According to Reince Priebus, President-elect Donald Trump’s chief of staff, the Trump administration’s official position on climate change will be denial. If true, I’m saddened, but not shocked.
When conservatives deny climate change, I am often tempted to suggest that they check in with two groups they usually identify with: Middle American farmers, and the US military.
The relationship of farmers to climate change is tricky. Most say it is happening (when you’re raising crops, it’s hard to ignore changing temperature zones and increasing extreme weather), but then, a majority do not blame it on human activity. On top of that, studies have shown that farmers’ views on the subject depend on how much trust they have in their sources of information (generally speaking, less trustworthy sources include the federal government, mainstream media, and environmental groups, while agribusiness, farm associations and the farm press are considered more trustworthy). So the trust factor skews farmers’ beliefs on what causes climate change away, somewhat, from human activity, though all farmers do no not think in lockstep and some do put more faith in scientific evidence presented by environmental groups or the mainstream media. The important point is that most of them do agree that climate change is real.
So if Trump and his campaign staff were the ones listening to these folks, they weren’t listening very hard. Or now that he has won, Trump and his advisors who are pushing far-right cabinet appointments just don’t care. Both seem likely.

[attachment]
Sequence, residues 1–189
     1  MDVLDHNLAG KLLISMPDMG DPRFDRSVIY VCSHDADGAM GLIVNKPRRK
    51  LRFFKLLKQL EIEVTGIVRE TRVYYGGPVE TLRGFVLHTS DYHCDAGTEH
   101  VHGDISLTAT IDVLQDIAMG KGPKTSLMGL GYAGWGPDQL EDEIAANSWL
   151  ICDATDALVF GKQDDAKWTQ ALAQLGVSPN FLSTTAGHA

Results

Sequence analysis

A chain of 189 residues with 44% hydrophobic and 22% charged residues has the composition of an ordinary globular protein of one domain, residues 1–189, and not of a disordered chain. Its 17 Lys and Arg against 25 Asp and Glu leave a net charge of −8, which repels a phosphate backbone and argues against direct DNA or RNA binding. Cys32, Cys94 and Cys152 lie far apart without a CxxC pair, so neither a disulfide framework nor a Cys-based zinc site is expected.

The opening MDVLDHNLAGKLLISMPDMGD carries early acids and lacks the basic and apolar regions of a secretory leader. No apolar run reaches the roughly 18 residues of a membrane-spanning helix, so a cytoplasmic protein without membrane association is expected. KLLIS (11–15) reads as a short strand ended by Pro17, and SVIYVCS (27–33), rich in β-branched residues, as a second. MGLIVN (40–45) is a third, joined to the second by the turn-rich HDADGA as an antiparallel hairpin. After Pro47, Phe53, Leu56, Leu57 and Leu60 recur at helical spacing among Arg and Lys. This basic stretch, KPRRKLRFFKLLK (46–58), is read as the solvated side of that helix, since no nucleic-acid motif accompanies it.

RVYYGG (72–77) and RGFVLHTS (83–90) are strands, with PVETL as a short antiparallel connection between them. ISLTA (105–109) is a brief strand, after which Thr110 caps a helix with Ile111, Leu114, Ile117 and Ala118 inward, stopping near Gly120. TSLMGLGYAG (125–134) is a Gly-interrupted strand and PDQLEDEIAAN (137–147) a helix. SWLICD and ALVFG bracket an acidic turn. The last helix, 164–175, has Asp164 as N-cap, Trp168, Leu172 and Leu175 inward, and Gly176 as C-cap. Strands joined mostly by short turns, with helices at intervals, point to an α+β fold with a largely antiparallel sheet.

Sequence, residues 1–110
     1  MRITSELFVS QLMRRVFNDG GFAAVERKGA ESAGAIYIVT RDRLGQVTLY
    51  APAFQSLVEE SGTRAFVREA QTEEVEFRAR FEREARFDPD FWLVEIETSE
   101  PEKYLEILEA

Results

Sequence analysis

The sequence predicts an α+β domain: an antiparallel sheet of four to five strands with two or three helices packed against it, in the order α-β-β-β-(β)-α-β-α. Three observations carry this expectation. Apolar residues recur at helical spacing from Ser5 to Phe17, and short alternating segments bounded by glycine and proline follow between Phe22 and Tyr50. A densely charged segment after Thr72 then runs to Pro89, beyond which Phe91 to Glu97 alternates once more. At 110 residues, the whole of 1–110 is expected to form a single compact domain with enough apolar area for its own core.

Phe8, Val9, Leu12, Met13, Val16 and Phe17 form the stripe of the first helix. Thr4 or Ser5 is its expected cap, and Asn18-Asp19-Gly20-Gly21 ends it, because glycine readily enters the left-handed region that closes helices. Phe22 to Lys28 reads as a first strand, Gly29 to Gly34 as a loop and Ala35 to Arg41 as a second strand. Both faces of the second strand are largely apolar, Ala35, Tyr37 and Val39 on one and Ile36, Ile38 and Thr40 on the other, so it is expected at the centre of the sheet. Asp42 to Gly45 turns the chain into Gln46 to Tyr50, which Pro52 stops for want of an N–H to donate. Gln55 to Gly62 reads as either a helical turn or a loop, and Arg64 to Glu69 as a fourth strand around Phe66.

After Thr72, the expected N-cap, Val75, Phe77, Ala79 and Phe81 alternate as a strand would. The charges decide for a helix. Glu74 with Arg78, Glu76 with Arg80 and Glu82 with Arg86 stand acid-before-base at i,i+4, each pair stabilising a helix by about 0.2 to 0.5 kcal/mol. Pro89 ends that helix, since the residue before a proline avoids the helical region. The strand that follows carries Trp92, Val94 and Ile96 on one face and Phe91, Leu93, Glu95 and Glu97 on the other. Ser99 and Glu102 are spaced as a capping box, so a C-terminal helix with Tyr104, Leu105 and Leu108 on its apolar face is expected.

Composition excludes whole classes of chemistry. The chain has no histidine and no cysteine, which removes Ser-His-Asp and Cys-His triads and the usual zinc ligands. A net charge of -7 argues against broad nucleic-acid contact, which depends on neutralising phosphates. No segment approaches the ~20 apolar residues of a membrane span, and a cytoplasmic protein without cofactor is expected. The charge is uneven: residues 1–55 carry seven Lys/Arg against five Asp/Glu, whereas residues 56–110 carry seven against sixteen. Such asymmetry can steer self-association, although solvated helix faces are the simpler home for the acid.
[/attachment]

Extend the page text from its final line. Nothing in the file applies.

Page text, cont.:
As for the Defense Department, there is nothing tricky about its position on climate change. For some time now, the Pentagon has been in the vanguard on this issue, arguing that global warming presents clear threats to US national security, and that the military needs to be planning accordingly. This is the Department of Defense’s job, to study evidence of potential future risks and take concrete steps to counteract them. And earlier this year, the department put a plan into action, issuing a directive that assigned specific duties to specific officials to prepare for climate change, covering areas like infrastructure, weapons procurement, and disaster response.
What did the Republican-led House of Representatives do in response to this directive? It passed an amendment prohibiting the department from spending any money to put its plan into effect. Not a single Democrat voted in favor of the amendment, but the Republicans outnumbered them.
For as long as I can remember, we have been told that the Republican Party is the only party that gives top priority to our national security interests. The evidence has not always supported this assertion, and many would argue that the top priority over the years has been enriching military contractors. Today, we have a Republican Congress that won’t spend money on national security for no other reason than it collides with the party’s larger priority of denying climate change. And now, they have a president on their side.
Who knows, maybe they’ll stop making their bizarre, scientifically ignorant arguments against the measurable reality of global warming, and just say “I’m with Stupid.”
Copyright 2016 Stephen Leon